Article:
With a stronger economy and more inflation, the private financial sector will respond by providing
faster funding growth through the loan windows. For this to happen, the Fed will have to move
to tighten policy further gradually so as not to create a liquidity squeeze via taking action that
flattens out the yield curve. If there are larger fiscal stimulus plans that come on the board over
2017 - 2018, The Fed will have to accommodate them up to a point so as not to choke off the
economy and provided the inflation rate does not accelerate too rapidly. US policy will have to
watch carefully the developing supply / demand situation in the oil markets as well because
if oil supply becomes meaningfully restricted, a rising oil price will push up the inflation
rate and lead to a significant wealth transfer from net oil consumers to net producers.

But, perhaps it is wise not to get too far ahead of ourselves. For a more nearly normal liquidity
cycle to play out, the US has to show first that it can sustain a faster rate of economic progress
and that It is finally overcoming the squeeze on primary system liquidity that comes directly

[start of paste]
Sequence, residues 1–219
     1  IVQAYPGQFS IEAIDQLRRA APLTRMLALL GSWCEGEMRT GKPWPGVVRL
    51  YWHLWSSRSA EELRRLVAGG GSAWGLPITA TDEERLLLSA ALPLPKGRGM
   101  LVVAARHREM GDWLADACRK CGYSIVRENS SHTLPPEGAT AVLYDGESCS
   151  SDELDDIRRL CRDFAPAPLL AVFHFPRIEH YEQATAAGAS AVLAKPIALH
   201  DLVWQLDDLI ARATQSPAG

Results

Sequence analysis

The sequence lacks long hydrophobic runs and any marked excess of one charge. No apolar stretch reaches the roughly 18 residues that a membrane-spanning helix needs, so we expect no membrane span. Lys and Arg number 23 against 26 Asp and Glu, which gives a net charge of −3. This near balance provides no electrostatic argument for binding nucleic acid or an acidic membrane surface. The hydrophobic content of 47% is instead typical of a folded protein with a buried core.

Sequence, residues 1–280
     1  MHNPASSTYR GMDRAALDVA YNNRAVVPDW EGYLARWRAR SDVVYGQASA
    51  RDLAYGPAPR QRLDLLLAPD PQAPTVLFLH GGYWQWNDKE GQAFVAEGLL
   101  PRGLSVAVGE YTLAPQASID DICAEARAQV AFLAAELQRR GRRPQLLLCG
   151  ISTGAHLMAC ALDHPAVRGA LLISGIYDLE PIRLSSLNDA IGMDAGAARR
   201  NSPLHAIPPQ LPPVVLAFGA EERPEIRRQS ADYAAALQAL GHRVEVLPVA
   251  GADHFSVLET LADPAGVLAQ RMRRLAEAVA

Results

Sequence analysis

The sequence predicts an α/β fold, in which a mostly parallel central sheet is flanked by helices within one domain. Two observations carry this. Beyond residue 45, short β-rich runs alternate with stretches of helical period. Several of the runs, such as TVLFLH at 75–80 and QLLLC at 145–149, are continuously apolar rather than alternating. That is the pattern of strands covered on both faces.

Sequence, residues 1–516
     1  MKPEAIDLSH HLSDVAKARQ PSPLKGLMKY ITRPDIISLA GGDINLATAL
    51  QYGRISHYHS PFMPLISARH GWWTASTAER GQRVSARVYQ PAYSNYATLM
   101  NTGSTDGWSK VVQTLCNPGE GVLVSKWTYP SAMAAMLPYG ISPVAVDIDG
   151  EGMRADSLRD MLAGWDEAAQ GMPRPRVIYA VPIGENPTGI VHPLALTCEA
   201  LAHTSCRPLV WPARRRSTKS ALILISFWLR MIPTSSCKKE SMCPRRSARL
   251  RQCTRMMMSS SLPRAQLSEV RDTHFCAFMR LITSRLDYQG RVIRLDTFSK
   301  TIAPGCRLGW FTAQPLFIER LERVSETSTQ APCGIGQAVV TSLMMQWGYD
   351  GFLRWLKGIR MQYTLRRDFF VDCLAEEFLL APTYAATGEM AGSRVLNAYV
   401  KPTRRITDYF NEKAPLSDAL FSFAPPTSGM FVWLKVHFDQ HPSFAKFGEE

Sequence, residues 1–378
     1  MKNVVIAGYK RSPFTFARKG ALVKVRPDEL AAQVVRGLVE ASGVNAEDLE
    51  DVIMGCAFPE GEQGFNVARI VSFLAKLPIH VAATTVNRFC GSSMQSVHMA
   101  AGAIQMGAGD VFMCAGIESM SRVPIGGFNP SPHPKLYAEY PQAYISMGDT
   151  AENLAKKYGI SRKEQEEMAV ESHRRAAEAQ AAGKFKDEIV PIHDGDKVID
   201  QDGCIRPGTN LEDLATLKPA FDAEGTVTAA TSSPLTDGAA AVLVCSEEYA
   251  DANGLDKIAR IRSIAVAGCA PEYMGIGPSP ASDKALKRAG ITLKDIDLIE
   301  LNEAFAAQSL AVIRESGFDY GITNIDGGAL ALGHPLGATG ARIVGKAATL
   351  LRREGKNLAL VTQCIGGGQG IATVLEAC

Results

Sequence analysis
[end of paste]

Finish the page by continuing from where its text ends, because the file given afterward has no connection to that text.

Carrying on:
from the Fed. Recent economic data finally reflects a positive beginning to the process.

Friday, December 09, 2016

SPX Weekly -- Up and Up There!

The continuing rally has shown enough conviction and momentum to count as a breakout and
not a mere blip over a two year long trading range.  SPX Weekly

It is significantly overbought in the very short term, but has yet to reach levels on the intermediate
term weekly chart that would warn that a substantial retracement is in order. The market is now
moderately overvalued and strategists are busy playing with the SP 500 net per share to bring
the p/e multiple down to levels where buyers can feel more comfortable joining the chase. Using
GAAP accounting, and recognizing economic performance and oil company profitability are
moving forward, it is not a stretch to come up with an estimate for SP 500 operating net of
$120. per share for 2017. Yet, with  Trumponomics entering the equation, estimates for 2017
are now being ratcheted up to $140. This compares to 2016 net of about $108 per share. This
particular game is about 60 years old give or take.